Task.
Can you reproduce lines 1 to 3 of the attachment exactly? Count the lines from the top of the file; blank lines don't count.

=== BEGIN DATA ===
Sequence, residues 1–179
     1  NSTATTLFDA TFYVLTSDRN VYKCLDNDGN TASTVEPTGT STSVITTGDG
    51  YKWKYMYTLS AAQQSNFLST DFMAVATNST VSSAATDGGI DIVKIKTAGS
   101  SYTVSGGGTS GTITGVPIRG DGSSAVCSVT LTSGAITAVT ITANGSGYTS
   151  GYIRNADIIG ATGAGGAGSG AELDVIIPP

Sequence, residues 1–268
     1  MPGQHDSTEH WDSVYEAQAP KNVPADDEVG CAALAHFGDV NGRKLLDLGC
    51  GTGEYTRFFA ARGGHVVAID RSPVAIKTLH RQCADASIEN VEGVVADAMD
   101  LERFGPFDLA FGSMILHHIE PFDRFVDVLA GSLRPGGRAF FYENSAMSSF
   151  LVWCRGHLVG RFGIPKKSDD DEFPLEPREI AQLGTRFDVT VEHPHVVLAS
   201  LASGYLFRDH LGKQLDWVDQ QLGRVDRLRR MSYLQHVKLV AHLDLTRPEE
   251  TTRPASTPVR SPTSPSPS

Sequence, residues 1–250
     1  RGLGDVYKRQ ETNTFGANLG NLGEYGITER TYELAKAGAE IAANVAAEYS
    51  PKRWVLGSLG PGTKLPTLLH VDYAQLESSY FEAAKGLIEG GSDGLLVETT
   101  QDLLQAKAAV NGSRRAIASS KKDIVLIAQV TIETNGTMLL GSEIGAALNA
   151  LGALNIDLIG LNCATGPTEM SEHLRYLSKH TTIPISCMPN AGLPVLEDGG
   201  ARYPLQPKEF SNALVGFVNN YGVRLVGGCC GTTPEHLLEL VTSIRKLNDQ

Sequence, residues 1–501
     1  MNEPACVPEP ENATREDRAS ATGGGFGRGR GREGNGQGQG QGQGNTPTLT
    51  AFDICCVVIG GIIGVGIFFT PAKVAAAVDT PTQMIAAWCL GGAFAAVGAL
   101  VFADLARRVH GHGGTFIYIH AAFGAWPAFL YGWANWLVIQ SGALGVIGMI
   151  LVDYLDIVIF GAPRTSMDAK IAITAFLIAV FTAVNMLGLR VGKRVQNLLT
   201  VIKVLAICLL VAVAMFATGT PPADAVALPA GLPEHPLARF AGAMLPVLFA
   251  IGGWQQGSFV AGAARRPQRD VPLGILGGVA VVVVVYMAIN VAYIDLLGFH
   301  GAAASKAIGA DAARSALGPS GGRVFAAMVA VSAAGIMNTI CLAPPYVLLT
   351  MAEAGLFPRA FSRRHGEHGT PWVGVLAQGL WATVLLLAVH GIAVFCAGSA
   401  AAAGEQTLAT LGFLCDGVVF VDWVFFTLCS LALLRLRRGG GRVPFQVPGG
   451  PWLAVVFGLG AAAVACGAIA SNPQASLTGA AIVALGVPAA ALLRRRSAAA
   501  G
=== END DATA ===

Sequence, residues 1–179
     1  NSTATTLFDA TFYVLTSDRN VYKCLDNDGN TASTVEPTGT STSVITTGDG
    51  YKWKYMYTLS AAQQSNFLST DFMAVATNST VSSAATDGGI DIVKIKTAGS